Sabre 52 Salon Express
Sabre 52 Salon Express
Sabre 52 Salon Express Specs
Ask a boat manufacturer about the laminate on a typical cruiser and the response usually features the phrase “solid-glass bottom.” I expected the same response when I inquired about the Sabre 52 Salon Express. Instead, Sabre took a more complex approach that made my inner geek glow with excitement.
The 52 Salon Express’ hull is solid glass extending out 1½’ from the keel on each side, then switches to 1″-thick Divinycell foam coring until the chines, which are solid fiberglass again. The hullsides are cored with Divinycell sheets for fewer seams, and the transom consists of doubled Divinycell. And it’s all vacuum-bagged in place.
For the bulkheads, decking, and cabin sole, Sabre uses Nidacore honeycomb panels. It’s 4″ thick in the salon sole, which offers outstanding noise absorption as well as stiffness. Composite PVC Nidacore encapsulated in E-glass and topped with steel plates form the stringers beneath the engines. The hull and deck fit in a shoebox joint that’s sealed with silicon, bolted, and bonded with fiberglass.
The results of the construction are best seen in the 52 Salon Express’ performance and heard in its low sound levels. My test boat reached a top speed of 35.4 mph at 2350 rpm and cruised at 30.6 at 2100. When I accelerated hard, the surge pushed me back against the Stidd seat. And in turns, the boat felt more nimble than other boats in this class. It turned inside its own wake and the bow stayed up. Pushing a lighter boat also makes things easier on the engines, which provides better fuel economy and range.
Let’s see how the 46,000-pound 52 Salon Express compares to the competition. The Grand Banks 55 Eastbay XS ($1.5 million with the 853-bhp CATs) tips the scales at 63,000 pounds. Alden Yachts’ 56 Express ($1.7 million with the test power) weighs in at 48,000 pounds. The Sabre is a couple of mph faster than both of them.
Sounds of Silence
The other bonus from the 52 Salon Express’ thick, honeycomb-cored decking is the quiet ride. At wide open throttle, I recorded only 80 dB-A at the helm. You can have a conversation in normal tones. The double-cored deck felt solid underfoot and no vibration was transferred. What’s more, I could see all the gauges clearly. The large chart/glovebox in the port dash is the perfect place to chuck your car keys, wallet, cell phone, and other sundries.
Perhaps the most convenient installation on the 52 Salon Express is at the main distribution panel. When you power up the ship’s main switch, every circuit on board is live. It eliminates the shouting between skipper and crew, “Is this on?” “Is that on?” The items that you want to stay on full-time, such as the refrigerator and the inverter, are isolated. One thing that needed improving: The hatch for this panel hits the console. Sabre said it will put a rubber bumper on the console.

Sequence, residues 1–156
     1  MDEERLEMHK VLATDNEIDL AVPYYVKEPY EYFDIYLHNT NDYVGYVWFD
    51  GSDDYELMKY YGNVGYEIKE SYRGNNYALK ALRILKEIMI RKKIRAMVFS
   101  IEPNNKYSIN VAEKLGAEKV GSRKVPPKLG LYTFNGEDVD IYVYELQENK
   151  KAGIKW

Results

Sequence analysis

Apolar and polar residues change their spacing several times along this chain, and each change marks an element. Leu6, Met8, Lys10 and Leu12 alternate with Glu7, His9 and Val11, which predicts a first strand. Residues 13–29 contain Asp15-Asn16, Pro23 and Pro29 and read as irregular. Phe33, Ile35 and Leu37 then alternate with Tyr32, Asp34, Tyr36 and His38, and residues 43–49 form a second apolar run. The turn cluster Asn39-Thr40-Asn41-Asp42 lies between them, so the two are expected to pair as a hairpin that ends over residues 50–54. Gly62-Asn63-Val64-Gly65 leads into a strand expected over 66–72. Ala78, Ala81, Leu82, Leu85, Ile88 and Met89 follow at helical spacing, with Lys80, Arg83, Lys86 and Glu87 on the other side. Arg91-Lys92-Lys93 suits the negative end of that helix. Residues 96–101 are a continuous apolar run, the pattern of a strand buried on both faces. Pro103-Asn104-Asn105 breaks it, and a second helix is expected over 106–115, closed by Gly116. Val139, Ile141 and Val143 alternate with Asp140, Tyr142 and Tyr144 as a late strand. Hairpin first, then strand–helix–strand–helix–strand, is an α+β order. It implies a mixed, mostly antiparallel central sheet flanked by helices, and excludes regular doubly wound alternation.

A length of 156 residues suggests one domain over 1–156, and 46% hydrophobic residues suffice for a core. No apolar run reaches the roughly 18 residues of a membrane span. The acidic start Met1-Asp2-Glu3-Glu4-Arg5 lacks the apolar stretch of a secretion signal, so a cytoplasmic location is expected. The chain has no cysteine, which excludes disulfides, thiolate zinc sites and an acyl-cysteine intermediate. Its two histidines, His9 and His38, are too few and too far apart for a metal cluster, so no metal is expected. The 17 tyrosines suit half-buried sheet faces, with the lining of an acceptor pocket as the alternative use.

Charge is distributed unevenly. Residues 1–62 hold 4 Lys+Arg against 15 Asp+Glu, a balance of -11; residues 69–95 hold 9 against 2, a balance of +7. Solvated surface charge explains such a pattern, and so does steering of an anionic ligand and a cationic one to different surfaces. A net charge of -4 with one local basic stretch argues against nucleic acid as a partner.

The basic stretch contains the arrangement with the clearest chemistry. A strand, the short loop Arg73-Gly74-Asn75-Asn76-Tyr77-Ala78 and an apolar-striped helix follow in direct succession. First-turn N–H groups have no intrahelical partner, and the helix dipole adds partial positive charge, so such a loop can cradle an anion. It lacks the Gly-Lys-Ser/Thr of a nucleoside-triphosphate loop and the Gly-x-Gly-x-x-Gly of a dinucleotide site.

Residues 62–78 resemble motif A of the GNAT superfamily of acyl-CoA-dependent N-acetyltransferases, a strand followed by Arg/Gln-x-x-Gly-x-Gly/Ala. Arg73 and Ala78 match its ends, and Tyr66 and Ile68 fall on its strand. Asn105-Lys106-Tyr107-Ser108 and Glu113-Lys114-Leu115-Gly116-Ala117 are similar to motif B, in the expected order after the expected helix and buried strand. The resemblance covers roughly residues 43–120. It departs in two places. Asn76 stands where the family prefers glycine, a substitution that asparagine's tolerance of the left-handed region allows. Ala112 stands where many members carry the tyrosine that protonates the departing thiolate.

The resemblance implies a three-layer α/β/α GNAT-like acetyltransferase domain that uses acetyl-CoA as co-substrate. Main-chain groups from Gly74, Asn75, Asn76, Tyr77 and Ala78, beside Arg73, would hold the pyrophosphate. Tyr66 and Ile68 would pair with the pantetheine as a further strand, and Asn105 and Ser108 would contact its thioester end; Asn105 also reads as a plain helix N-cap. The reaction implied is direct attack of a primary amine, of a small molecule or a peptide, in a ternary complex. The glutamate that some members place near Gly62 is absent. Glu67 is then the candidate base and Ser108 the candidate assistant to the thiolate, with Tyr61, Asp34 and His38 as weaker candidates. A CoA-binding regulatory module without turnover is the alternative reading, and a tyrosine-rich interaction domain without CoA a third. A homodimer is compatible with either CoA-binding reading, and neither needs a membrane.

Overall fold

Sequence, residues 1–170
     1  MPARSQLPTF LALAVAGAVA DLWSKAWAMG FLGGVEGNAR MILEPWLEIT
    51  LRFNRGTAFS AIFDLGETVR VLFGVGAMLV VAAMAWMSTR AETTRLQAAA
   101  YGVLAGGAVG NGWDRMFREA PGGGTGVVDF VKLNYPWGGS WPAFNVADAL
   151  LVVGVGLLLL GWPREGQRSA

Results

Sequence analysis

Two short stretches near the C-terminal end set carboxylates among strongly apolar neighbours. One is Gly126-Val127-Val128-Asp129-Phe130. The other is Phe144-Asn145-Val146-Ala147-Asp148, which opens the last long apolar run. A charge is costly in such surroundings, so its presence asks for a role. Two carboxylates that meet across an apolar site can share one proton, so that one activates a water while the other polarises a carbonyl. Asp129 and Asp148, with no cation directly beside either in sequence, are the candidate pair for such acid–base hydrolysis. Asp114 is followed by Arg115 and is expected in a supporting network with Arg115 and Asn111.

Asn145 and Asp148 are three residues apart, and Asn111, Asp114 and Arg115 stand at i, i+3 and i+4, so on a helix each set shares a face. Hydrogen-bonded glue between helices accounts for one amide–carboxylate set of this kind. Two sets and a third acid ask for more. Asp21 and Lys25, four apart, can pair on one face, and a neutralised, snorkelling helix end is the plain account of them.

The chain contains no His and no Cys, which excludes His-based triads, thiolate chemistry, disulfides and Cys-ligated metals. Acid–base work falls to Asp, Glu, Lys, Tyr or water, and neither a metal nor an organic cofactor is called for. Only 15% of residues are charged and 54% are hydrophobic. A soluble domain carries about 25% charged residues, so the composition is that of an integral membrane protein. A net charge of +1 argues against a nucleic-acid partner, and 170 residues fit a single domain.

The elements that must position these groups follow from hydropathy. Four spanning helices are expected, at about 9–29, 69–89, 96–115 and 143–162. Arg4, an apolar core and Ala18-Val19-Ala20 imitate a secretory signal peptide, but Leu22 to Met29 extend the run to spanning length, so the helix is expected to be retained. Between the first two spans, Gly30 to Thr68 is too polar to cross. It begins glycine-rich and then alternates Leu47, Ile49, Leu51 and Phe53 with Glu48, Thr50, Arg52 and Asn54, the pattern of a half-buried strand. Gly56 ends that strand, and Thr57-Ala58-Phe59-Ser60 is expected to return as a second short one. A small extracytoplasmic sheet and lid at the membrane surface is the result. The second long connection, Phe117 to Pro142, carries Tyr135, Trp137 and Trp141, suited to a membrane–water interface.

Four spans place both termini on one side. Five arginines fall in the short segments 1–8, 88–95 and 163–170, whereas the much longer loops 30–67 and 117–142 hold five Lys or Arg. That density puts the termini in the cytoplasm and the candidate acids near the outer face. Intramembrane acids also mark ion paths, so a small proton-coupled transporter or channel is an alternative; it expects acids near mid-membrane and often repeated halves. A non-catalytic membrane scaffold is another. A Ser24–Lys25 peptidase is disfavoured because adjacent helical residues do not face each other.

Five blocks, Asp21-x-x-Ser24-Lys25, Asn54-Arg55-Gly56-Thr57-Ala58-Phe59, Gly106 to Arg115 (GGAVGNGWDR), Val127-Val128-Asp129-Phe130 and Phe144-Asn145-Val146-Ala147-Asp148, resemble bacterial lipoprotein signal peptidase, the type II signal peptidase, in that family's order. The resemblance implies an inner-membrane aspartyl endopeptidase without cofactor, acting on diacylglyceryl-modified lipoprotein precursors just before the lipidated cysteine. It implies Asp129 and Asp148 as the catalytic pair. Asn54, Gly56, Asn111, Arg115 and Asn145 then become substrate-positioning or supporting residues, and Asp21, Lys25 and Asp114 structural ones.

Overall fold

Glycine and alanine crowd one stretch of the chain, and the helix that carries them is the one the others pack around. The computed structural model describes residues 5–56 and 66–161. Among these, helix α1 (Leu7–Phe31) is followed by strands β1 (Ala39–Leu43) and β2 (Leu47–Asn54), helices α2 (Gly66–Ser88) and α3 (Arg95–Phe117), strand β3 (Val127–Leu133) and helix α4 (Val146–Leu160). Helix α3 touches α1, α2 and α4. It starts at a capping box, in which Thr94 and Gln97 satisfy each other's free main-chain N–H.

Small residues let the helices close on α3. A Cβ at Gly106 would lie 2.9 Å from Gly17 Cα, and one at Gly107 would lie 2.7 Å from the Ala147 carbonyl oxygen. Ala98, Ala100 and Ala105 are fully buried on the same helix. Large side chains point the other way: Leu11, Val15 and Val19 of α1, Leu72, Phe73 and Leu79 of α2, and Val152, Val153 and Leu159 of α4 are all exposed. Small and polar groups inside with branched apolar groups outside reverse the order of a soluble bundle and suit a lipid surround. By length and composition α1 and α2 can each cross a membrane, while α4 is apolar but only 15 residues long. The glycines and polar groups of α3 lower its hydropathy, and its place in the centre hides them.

Across from the helm, the portside L-shaped lounge is the most comfortable seat in the pilothouse, and it has a wine chiller in the base.
Aft is a large lounge to port that converts to a berth. Webbing on the bottom of the lounge cushions prevents the padding from bottoming out and making you feel as if you’re sitting on the wood base. There’s a custom-made table that you can enlarge with a leaf that stows in a dedicated drawer in the lounge base. To starboard, the entertainment center is fully stocked with a flat-screen TV, a Bose stereo, and bottle and glass racks.
Head belowdecks and you’ll find that the 52 Salon Express has a most usable galley. There’s a spacious countertop and an abundance of stowage. Kudos to Sabre for putting fiddles on every locker in this boat. I was less enthused when I found snap-spring supports for some hatches, however. Folding or sliding kickstands are better.
A sliding hatch made of Shoji wood and frosted white glass opened to the master stateroom, which is located amidships. Sabre put the owners’ quarters in this area to eliminate the chine slap that you get with cabins in the forward section. A chest of drawers plus hanging and open lockers provide stowage. A second Shoji pocket hatch slides aside for access to the master head.
In the forward VIP cabin, the mattress for the island berth is designed with seams so it’s hinged for easier movement when you need to lift it out of the way. The base opens on two gas struts to access the stowage, and another portion pulls out of the way so you can get to the bow thruster. The head for this cabin is also the day head.
One characteristic that Sabre carries through the 52 Salon Express is headroom, including in the engine compartment, where I, at 5’8″, could stand up straight. The fuel/water separators are on large aluminum panels and the fuel lines are all swaged per ABYC recom-mendations. Even the batteries are easy to remove from boxes at the front of the compartment.
When I headed forward on the wide side passage-ways, I could walk facing straight ahead. The anchor locker has a dedicated chainbox and inspection hatches for the windlass rigging. I would, however, add gas struts to hold up the locker hatches to make it easier to handle lines or fenders. When I asked Sabre about adding them, I didn’t get the usual answer either. The company representative’s response was “Good idea, we’ll make sure it’s on the next boat.” Who would have thought it? A boat company that listens.
Extra Point: If you like to hit the links, there’s stowage for your golf bags in the base of the queen berth in the master stateroom. It’s designed specifically for stashing two bags of clubs.